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    The best approach to cutting back on clutter is to work on one room at a time. Photo courtesy of Libby Langdon Interior Design

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    Libby Langdon, design expert on HGTV’s Small Space, Big Style and author of Libby Langdon’s Small Space Solutions, offers simple tricks for making the most of your small spaces. Photo courtesy of Libby Langdon Interior Design

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    A clutter-free home is a beautiful home. Photo courtesy of Libby Langdon Interior Design

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A clutter-free home is a beautiful home. Photo courtesy of Libby Langdon Interior Design


Cutting Clutter Is Essential to Any Design Project

“Style, elegance and comfort begin in a clean organized space,” says Libby Langdon, design expert on HGTV’s Small Space, Big Style and author of Libby Langdon’s Small Space Solutions. “Getting rid of clutter is the first thing we do on makeover TV,” she says. “Before I begin any makeover or redesign of a space, I make sure my client throws away unnecessary items before we get started.”


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  • Libby Langdon’s Advice for Creating a Clutter-Free Castle

    Libby Langdon, design expert on HGTV’s 'Small Space, Big Style' and author of 'Libby Langdon’s Small Space Solutions' shows how you can cut clutter for a happier, more beautiful home.

    by Jennifer Sellers

    You can have a home expertly designed by a top interior designer. It can be filled with fine furniture, accessories from across the globe and one-of-a-kind art. But if your home is covered with clutter, none of that matters. Its beauty is diminished, and so is the joy you feel when you’re there. So honor your home’s décor—whether it is grand or humble—by getting rid of clutter for good.

    Interior designer Libby Langdon is an expert clutter cutter. She has been giving advice on streamlining spaces to clients and TV viewers alike, and here she shares her favorite tips.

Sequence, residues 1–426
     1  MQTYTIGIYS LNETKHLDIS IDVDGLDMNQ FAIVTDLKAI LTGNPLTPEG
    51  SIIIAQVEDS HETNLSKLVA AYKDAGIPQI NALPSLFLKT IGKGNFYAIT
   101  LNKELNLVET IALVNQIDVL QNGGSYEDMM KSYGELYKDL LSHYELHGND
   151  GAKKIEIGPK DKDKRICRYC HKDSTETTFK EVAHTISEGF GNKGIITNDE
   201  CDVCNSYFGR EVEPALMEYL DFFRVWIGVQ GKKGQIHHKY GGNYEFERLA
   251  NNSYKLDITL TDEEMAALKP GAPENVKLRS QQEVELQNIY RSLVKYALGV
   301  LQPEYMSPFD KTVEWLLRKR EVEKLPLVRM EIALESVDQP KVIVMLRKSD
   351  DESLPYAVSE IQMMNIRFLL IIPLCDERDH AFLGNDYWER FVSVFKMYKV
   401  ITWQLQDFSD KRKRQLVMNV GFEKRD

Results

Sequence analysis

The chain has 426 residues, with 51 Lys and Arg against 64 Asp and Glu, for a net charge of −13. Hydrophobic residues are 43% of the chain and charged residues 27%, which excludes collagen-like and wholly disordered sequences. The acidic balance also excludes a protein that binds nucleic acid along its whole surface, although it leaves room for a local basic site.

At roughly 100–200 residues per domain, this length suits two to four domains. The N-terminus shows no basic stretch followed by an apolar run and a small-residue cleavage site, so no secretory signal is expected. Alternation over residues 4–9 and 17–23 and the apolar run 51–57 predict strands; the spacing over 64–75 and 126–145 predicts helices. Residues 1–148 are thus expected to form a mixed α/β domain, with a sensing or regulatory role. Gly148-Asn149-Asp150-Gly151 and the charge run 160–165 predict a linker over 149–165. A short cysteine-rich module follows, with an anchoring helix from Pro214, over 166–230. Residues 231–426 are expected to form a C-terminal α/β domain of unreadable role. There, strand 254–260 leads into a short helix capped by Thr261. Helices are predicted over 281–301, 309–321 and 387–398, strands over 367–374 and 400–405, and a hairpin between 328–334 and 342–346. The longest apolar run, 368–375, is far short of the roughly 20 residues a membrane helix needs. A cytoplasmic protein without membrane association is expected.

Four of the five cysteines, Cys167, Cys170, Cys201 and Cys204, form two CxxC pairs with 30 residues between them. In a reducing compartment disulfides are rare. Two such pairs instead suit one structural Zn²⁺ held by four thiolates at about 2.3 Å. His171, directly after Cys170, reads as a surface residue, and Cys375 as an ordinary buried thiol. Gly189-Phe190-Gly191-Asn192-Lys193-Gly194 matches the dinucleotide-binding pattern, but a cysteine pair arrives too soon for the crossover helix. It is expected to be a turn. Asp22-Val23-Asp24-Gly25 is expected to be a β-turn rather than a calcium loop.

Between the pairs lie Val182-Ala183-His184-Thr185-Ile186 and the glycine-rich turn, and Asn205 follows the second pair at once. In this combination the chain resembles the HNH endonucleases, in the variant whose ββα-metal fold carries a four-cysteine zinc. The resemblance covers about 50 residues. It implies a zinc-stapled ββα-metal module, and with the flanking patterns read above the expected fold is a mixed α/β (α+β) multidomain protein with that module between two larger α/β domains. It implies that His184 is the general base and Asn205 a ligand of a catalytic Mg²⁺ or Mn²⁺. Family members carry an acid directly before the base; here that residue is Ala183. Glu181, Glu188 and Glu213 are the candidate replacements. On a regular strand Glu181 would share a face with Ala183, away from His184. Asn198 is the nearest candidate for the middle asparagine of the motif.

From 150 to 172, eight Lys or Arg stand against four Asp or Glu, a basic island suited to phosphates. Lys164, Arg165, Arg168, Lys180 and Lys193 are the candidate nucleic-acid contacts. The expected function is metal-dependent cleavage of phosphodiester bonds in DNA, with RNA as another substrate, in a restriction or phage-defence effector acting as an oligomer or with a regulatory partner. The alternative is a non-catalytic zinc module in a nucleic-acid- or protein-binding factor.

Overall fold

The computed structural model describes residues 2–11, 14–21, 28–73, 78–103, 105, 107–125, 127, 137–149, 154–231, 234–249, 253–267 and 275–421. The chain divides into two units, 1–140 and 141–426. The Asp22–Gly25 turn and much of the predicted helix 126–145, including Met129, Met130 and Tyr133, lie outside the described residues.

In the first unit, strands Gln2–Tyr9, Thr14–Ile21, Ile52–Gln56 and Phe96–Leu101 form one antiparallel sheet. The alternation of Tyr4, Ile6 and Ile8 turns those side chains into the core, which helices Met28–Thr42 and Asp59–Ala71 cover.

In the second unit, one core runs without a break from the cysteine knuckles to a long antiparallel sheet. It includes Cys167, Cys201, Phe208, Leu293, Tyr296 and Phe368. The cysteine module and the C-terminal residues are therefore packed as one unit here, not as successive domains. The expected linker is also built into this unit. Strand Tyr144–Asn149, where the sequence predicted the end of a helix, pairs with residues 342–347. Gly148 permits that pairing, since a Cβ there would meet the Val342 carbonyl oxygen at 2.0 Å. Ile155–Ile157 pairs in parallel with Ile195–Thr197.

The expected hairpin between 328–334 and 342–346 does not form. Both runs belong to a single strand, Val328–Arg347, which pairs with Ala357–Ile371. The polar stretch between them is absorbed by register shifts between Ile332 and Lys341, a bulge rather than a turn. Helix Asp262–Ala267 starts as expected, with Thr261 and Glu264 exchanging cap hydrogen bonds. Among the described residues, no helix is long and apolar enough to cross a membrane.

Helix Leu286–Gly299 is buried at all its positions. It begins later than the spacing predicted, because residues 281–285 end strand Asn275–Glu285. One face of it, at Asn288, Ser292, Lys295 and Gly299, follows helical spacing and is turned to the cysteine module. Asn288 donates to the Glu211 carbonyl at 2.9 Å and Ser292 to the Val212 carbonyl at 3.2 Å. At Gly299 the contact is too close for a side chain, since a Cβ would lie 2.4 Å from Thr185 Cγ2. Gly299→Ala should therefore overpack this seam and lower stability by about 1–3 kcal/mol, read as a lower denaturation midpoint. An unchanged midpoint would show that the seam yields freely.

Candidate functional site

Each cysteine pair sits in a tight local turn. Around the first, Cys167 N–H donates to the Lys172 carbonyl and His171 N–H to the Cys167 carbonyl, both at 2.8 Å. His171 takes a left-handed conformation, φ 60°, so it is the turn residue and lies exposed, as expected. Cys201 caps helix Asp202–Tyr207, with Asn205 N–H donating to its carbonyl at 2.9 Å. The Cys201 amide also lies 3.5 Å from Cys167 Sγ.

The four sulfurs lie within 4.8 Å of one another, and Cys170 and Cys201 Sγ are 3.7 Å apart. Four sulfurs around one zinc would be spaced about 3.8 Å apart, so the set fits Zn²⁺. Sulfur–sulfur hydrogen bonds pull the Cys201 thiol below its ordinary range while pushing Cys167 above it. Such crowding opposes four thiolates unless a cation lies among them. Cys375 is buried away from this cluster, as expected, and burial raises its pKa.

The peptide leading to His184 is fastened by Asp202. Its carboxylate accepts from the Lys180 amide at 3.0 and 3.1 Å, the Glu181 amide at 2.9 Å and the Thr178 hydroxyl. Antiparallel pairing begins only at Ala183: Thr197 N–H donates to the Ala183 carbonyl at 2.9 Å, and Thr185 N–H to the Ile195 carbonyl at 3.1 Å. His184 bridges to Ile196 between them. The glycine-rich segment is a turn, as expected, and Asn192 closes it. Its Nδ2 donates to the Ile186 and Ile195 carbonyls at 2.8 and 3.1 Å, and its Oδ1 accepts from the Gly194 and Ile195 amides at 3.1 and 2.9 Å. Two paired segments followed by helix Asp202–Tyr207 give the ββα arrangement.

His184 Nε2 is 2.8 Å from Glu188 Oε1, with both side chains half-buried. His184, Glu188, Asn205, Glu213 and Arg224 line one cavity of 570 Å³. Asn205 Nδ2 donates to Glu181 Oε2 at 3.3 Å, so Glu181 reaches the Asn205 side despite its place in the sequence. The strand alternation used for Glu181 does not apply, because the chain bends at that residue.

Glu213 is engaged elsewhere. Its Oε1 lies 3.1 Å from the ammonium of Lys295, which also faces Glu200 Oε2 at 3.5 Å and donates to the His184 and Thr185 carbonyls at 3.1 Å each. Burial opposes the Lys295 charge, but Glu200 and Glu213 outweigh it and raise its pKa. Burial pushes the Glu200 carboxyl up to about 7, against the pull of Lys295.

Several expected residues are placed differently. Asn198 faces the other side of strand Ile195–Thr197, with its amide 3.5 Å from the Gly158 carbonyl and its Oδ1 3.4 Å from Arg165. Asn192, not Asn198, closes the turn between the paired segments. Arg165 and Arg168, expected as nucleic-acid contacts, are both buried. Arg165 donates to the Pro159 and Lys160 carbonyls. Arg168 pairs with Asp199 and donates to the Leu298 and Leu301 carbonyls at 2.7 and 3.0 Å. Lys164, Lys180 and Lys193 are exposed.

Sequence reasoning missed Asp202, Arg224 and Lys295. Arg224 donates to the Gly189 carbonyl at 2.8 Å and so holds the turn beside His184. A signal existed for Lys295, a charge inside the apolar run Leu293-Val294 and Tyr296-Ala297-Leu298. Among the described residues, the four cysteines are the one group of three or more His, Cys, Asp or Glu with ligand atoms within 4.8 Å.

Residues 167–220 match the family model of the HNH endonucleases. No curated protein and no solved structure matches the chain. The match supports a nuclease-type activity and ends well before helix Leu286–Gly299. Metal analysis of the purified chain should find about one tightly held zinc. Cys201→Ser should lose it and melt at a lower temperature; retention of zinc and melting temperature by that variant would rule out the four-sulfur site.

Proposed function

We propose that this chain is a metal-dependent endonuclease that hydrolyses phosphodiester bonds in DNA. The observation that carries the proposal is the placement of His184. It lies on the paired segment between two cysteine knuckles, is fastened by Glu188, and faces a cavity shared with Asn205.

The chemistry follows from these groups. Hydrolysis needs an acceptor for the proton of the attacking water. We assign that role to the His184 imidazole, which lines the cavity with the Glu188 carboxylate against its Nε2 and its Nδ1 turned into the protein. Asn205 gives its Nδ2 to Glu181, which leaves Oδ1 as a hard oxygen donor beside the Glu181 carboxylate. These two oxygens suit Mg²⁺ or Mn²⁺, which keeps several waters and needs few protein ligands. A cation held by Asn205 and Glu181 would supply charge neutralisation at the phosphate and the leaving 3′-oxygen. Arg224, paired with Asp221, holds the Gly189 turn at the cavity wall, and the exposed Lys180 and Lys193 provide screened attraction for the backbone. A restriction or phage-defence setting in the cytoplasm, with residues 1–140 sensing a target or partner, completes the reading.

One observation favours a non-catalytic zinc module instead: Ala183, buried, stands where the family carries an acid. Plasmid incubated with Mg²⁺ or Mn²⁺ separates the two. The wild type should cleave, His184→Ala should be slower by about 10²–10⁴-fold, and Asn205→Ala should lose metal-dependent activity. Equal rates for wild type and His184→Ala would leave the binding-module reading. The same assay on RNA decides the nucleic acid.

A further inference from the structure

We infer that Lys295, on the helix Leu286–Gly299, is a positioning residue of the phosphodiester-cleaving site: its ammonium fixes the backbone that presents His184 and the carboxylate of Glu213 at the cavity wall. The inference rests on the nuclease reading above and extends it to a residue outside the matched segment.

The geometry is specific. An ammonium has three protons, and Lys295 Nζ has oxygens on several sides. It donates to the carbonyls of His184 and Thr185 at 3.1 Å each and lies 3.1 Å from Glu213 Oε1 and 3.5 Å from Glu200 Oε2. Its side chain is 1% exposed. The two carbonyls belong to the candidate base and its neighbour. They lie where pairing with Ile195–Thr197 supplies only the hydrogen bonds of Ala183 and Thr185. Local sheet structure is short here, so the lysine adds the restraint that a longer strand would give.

Develop a Clutter-Free Mindset

    We’d all like to live with less clutter, but because of the emotional attachments most of us have toward our “stuff,” getting rid of it can be a challenge. That’s why the first step to de-cluttering is to mentally prepare for it. “Clutter takes up mental and physical space,” says Langdon. “To get in the mindset of de-cluttering ask yourself: ‘If I had 20 minutes to evacuate my home, what would I take?’ Or, pretend you’re moving and ask yourself what you wouldn’t want to move.”

    Another tip, says Langdon, is to rate your de-cluttering goal. “Think about how much stuff you have,” she says. “On a scale of 0-10, with 10 being everything you own now and 0 being nothing, what number would you prefer to represent your things? If your number is, say, 5. Your goal should be to eliminate half your belongings.”


    Understand What De-cluttering Is

    Clearing out your clutter may seem like a natural part of housekeeping, but it’s much more than that, says Langdon. “Getting rid of clutter isn’t about cleaning, it’s about overcoming obstacles. Clutter can keep you from mentally moving forward. A good de-cluttering session can encourage you to look at your home in an entirely new way.”


    Define Your Clutter

    To properly eliminate clutter, you need to establish what kind you have. “Clutter comes in different forms: It can be items in the wrong place or things you don’t need,” says Langdon. “It can be unfinished objects left out or belongings you haven’t made decisions about yet.”


    Target a Room